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Three rotting heads. A sequence of images showing how the characteristic features of the body of amphioxus, a close living relative of vertebrates, change during decay.

Palaeontologists in Leicester University are studying rotting lancelets in an attempt to explain something very fishy about the fossil record. Sarah Day explains...

Geoscientist online 1 February 2010

In a highly pungent experiment, University of Leicester palaeontologists have been using dead lancelets – specimens of the Cephalochordate Amphioxus - to reconstruct the processes of decomposition, in a study funded by the Natural Environment Research Council (NERC).

By studying their decay, the researchers can get a clearer picture of what might have happened to ancient fish-like creatures as they rotted, prior to fossilisation - which in turn helps them to interpret fossil remains.

‘What we want to get at is what an animal was like before it died’, says Dr Rob Sansom, lead author of the paper. ‘As with forensic analysis, knowing how the decomposition that took place after death altered the body provides important clues to its original anatomy’.

The results of the study, published yesterday in the journal  Nature, show that characteristic features of early vertebrate fossils may have been lost during decomposition. This could mean rewriting our understanding of our earliest ancestors.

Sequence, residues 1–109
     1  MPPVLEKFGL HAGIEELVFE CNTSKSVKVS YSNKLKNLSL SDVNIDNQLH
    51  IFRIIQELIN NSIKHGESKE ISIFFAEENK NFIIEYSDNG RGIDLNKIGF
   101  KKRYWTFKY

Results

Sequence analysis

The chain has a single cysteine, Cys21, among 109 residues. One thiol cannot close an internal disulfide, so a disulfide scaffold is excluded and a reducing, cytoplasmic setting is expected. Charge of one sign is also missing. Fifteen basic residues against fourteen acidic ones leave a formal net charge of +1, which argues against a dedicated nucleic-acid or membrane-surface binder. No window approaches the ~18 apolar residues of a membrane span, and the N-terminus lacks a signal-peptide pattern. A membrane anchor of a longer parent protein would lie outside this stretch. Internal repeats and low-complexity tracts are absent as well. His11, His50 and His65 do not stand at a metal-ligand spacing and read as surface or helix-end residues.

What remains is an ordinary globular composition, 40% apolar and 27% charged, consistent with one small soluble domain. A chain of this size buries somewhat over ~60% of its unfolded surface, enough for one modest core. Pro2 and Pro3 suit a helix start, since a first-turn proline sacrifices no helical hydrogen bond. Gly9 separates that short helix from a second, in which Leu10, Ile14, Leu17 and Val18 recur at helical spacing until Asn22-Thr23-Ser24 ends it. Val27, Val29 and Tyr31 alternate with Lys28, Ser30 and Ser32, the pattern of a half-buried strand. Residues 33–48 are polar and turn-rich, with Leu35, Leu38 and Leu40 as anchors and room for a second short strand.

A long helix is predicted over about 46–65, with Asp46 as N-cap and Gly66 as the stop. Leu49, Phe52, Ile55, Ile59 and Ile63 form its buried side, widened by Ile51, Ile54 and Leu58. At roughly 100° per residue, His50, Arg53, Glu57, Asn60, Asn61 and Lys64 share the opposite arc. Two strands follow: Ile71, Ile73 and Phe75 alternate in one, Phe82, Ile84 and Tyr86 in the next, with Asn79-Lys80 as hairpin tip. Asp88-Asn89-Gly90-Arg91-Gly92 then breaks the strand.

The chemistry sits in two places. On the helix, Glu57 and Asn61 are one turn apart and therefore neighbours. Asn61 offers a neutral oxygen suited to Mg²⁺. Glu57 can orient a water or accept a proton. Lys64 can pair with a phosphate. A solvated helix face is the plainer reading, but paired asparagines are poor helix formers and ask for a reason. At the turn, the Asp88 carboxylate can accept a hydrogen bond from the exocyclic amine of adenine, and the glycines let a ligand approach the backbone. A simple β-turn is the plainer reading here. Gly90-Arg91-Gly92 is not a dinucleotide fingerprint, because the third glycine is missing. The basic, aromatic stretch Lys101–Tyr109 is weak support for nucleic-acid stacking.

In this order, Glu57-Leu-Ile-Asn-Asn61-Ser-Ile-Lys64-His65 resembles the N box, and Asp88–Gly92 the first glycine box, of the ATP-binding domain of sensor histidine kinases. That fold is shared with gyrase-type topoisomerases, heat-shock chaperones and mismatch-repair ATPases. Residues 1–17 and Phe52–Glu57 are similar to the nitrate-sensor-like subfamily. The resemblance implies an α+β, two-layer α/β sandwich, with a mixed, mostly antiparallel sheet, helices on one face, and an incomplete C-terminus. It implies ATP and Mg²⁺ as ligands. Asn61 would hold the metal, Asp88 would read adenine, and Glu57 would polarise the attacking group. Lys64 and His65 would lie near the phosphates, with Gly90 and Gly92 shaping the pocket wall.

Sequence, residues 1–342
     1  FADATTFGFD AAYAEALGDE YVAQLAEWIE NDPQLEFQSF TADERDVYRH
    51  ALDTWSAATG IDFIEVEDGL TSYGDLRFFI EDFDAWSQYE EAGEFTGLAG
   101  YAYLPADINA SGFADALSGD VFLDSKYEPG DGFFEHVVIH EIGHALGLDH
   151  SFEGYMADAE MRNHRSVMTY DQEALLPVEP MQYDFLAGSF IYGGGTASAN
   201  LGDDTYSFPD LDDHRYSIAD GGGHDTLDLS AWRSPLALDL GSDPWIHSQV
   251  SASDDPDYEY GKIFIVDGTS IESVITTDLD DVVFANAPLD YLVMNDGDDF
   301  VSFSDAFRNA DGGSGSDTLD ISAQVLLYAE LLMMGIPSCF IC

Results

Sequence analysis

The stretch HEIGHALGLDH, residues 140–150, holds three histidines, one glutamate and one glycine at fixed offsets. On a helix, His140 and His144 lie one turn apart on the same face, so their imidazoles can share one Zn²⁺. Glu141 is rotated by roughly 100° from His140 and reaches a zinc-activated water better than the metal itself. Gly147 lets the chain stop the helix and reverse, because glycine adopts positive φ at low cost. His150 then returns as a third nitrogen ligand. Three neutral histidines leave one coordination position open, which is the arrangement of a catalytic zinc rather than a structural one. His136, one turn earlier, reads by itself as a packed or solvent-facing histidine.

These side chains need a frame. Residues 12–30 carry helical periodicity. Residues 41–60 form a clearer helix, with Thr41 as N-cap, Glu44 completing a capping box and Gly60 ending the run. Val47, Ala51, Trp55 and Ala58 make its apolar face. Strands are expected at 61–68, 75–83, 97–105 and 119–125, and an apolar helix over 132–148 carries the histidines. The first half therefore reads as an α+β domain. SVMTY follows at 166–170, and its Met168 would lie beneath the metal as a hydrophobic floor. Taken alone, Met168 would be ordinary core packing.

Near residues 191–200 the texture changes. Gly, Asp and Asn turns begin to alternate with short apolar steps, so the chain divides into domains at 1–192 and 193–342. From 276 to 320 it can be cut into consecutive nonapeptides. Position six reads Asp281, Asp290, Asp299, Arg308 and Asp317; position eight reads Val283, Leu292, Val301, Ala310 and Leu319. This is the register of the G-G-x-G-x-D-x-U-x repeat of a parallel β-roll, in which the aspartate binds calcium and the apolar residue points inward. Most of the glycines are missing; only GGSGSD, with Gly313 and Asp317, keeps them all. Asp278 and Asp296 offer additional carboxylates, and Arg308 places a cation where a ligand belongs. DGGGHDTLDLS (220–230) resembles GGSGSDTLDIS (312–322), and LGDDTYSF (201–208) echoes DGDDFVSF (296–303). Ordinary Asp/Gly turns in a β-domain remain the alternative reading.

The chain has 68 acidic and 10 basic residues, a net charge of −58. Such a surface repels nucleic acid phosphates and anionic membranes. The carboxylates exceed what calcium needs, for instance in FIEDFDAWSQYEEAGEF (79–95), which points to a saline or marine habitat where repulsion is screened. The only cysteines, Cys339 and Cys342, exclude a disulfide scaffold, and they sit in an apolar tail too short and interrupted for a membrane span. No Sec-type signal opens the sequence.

With characteristic features such as a tail, eyes, and the beginnings of a backbone, fish-like fossils from half a billion years ago represent part of our earliest ancestry.

‘These fossils provide our only direct record of when and how our earliest vertebrate ancestors evolved’ says Dr Mark Purnell, one of the leaders of the study. ‘Did they appear suddenly, in an evolutionary explosion of complexity, or gradually over millions of years? What did they look like? – in what ways did they differ from their worm-like relatives and how did this set the stage for later evolutionary events? Answers to these fundamental questions – the how, when and why of our own origins – remain elusive because reading the earliest vertebrate fossil record is difficult’.

This is largely because so many features of an organism’s anatomy are lost during the process of decay, although it could also suggest rapid, explosive evolution. Developing a better understanding of how decomposition happens will help to answer these questions. As Dr Sarah Gabbott, who with Dr Purnell conceived the study, explains: ‘Only in the most exceptional circumstances do soft-tissues, such as eyes, muscles and guts, become fossilised, yet it is precisely such remains that we rely on for understanding our earliest evolutionary relatives: half a billion years ago it’s pretty much all our ancestors had’.

The novel approach is not so surprising, as Dr Sansom explains: ‘Interpreting fossils is in some ways similar to forensic analysis – we gather all the available clues to put together a scientific reconstruction of something that happened in the past…as with forensic analysis, knowing how the decomposition that took place after death altered the body provides important clues to its original anatomy’.